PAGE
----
Most Footballers Have Jordan 4 Black Catfor Breakfast

An intense level of detail makes certain sneaker designs seem like intricate delicacies; Chris Hill, Reebok's senior manager of pop culture and streetwear collaborations, describes the "Classic Leather" series of Ghostbusters sneakers on the brand's blog (October 2020):
"People dress up in the [Ghostbusters] suits all the time, jordan 4 black cat so this is sort of the shoe version of that… On the outsole, one of them has a glow-in-the-dark green spot like you stepped in slime. Then there's a little hit of the yellow and black hazard stripe around the heel to spice it up a bit."

Meanwhile, contemporary art immortalises sneakers as objects of desire – from German photographer Andreas Gursky's vast-scale landscapes of Nike collections, to British artist Reuben Dangoor's Holy Trainerty paintings.

Sneakerheads span the cradle to the grave:brands miniaturise their iconic designs as "baby cot booties"; while Accra-based coffin artist Paa Joe has crafted bright bespoke Air Jordan-shaped funeral caskets.
Specialist apps track the giddying rate of new releases, while the impact of consumption raises questions in the modern world (Sneakers Unboxed also looks at ethical and sustainable production). Sneakers somehow remain all-encompassing, yet exclusionary.
There is a term increasingly used in sneaker culture that describes this perfectly: sneaker privilege," says Salazar. "This privilege isn't only to do with how rich you are, but also your own status within the industry. Online raffles should have made it more democratic, but there's a big debate around people designing bots to hack the raffles and some sneakers not being fully distributed, so it is often still about who you know.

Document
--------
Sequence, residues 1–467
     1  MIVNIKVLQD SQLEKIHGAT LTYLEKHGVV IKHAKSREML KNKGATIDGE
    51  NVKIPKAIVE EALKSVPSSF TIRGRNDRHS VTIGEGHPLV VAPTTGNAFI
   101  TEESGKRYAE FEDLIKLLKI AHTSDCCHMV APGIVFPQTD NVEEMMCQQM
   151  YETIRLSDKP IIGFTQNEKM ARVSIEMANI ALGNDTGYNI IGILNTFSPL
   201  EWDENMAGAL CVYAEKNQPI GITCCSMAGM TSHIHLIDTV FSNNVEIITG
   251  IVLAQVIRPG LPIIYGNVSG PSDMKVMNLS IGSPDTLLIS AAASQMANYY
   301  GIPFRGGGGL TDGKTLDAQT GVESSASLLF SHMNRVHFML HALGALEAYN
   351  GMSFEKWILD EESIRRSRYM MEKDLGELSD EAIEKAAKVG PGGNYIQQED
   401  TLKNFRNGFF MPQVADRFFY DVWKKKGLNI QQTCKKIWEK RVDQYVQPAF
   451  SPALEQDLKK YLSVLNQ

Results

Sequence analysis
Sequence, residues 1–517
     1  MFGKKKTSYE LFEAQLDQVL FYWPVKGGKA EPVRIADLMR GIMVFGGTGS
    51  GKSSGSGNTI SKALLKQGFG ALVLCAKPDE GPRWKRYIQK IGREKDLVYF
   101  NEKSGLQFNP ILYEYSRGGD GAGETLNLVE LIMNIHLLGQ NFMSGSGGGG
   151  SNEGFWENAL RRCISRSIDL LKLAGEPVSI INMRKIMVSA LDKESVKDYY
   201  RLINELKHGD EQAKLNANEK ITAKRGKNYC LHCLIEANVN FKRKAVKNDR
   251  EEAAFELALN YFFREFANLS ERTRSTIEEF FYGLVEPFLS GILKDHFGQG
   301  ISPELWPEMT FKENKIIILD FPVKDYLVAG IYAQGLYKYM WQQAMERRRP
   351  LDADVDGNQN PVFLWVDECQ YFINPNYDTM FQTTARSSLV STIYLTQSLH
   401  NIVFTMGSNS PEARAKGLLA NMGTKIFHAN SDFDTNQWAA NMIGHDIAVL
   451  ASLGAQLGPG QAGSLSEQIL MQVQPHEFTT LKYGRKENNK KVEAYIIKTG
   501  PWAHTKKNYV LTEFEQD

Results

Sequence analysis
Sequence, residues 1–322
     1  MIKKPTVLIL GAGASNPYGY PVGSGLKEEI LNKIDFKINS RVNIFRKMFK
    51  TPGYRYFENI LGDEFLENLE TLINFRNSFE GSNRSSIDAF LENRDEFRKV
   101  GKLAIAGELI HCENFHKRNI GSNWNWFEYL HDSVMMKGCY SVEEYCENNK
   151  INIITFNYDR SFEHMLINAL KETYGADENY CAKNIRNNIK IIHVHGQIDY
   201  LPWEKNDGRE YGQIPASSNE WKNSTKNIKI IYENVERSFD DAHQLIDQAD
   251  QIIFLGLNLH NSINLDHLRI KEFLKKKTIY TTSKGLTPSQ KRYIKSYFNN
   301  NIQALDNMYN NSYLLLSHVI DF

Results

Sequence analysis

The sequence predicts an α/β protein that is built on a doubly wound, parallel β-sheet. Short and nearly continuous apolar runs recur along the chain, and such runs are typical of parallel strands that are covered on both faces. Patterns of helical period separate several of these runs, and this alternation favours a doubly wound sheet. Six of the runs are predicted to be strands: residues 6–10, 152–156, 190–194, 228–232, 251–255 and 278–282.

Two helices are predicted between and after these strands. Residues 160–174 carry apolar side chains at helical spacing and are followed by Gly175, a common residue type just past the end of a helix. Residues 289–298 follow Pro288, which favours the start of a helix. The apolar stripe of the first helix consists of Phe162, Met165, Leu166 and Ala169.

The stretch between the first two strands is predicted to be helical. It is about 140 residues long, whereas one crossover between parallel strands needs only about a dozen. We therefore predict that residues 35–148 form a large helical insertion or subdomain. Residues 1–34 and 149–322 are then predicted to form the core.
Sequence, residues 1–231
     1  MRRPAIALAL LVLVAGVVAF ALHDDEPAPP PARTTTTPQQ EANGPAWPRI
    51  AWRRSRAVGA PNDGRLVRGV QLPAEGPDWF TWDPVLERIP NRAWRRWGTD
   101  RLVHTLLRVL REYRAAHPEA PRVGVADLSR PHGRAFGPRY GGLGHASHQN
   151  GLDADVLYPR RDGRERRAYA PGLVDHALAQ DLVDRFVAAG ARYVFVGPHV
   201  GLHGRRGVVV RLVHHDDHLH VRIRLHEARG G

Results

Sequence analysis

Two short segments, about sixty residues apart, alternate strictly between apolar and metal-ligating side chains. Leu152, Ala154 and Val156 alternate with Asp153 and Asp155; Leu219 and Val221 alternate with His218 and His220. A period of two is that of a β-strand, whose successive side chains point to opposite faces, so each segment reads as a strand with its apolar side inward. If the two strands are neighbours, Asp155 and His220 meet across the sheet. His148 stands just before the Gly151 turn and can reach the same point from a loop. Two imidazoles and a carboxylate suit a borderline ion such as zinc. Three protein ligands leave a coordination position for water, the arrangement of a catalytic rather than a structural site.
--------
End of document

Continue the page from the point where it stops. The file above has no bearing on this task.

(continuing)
However, if you are able to see through the 'hype' and aren't in it to make money off reselling limited editions, there are a lot of interesting sneakers out there for every taste and identity. But it is definitely a very 'coded' world, where people judge you from your feet up."

Sneakers Unboxed: Studio to Street is at London's Design Museum until 24 October 2021.

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Posted in Daily News Summary on May 30 at 07:23 PM

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